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    by Justin Doughty

    My Colleague Andy Davis recently shared an excellent example of a scanned point cloud via a Recap Project. This got me thinking into the various other uses for Autodesk Recap.

    More information on Autodesk Recap and it’s workflows can be found here:http://recap.autodesk.com/

    I decided to investigate the features of Recap 360, and its ability to capture 3D models from just photographs. The free version allows you to submit 50 images, whereas the full version with the use of cloud credits allows you to submit up to 250 images.

    Being from a AEC background, I decided to capture an entire room rather than a single object. If you have recently been on training with us, you may recognise this as the newly refurbished “Delegate Area” at the Cadline Staines Office.

    I used an entry level DSLR camera to take the photos. I stood with my back against the wall and took a photo straight ahead of the opposites wall, I then tilted the camera down and took another picture. I then repeated this process working my way around the edge of the room, making sure the photo’s overlapped by around 50%. Then I simply logged in to Recap360 via Goggle Chrome browser, and created a new project. Then simply bulk uploaded the photos and let Recap 360 process the images in the cloud. It will email you when the process is complete, or you check on the percentage of the process by logging in.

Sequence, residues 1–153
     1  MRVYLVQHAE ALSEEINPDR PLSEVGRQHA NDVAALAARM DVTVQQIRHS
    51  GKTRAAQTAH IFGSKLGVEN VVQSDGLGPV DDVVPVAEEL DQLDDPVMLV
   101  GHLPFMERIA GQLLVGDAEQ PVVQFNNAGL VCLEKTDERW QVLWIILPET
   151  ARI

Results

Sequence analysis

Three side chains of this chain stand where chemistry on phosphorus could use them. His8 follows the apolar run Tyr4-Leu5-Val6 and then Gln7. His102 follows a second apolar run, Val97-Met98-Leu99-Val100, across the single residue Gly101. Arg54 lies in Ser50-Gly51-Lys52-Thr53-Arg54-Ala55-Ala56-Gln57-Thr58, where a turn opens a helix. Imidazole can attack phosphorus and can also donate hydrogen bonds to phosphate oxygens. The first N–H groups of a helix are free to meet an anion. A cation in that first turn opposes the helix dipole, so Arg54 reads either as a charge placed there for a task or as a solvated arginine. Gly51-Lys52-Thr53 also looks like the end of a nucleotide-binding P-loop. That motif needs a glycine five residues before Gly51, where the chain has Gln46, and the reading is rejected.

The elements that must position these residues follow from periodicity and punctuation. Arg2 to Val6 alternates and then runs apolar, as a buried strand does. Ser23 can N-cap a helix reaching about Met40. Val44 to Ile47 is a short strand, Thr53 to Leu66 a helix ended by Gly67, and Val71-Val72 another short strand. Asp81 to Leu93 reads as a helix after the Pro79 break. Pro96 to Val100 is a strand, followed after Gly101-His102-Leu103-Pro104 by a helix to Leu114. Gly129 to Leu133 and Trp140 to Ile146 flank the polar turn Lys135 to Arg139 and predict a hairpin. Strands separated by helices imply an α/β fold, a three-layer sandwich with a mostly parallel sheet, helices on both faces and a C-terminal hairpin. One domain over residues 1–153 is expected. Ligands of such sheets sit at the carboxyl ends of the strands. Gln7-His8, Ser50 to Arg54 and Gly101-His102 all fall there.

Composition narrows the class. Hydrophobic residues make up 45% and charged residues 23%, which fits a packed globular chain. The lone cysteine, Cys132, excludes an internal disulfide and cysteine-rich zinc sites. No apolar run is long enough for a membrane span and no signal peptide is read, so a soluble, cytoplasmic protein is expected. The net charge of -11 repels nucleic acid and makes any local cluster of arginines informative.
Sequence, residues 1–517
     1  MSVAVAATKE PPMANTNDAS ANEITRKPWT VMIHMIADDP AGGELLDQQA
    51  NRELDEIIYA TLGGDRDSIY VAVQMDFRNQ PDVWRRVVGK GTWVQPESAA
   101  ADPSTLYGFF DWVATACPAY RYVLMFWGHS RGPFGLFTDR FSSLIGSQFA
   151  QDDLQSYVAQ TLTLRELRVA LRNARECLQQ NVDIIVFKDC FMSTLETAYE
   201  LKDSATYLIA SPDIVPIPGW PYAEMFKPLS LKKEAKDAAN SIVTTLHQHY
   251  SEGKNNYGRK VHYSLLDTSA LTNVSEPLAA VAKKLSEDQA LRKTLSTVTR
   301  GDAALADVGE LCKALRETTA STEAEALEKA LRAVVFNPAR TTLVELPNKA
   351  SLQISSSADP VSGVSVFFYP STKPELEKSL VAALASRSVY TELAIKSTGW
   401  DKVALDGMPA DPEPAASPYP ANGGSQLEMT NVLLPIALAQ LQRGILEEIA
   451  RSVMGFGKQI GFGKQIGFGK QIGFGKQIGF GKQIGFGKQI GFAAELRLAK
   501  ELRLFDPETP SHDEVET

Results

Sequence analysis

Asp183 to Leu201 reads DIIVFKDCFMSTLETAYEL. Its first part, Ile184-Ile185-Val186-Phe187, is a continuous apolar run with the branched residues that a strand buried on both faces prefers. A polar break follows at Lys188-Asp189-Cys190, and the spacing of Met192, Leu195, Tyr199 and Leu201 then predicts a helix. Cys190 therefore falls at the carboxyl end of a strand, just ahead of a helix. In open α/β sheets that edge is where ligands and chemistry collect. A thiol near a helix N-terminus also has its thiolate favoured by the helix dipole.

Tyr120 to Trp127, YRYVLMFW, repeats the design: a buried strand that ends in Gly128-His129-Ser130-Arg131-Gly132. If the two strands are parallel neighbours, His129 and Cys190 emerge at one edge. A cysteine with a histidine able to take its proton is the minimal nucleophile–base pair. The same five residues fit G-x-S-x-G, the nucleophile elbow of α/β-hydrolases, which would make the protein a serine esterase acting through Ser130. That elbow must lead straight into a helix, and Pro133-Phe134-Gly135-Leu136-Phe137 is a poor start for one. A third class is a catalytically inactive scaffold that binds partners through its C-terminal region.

In my first test I quickly took 95 photos, when creating the project I used the Ultra setting, and ticked all available options, this took around 4 hours and created the results below:

    As a 1st test, I was pleasantly surprised with the results. As you can see, there is large amounts of wall data missing. However in the areas that had the most overlap, and the most unique reference points, the output is very clear. I must point out, no work was done to this file, these are purely the results from the photos, which makes this all the more impressive.

    In my second test I took 118 photos, being stricter with the overlap of the photos, also a colleague suggested I use something to add reference points to the walls. We used sticky notes, which are good definition for pattern and colour.

    This turned out a more complete result, filling in walls and the ceiling. I was very happy with the result, the level of detail was very high in certain areas, such as the magazine stand, and drinks machine.

    In future I will be looking at some of the other workflows and products available. Finally you’ll be pleased to know that the sticky notes were re-used after the testing, and put towards a good cause!



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